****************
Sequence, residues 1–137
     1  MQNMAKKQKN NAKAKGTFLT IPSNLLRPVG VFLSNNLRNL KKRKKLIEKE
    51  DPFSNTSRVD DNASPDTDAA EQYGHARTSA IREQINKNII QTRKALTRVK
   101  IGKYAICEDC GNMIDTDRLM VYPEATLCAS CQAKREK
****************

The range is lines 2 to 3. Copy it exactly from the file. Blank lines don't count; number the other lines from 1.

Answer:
     1  MQNMAKKQKN NAKAKGTFLT IPSNLLRPVG VFLSNNLRNL KKRKKLIEKE
    51  DPFSNTSRVD DNASPDTDAA EQYGHARTSA IREQINKNII QTRKALTRVK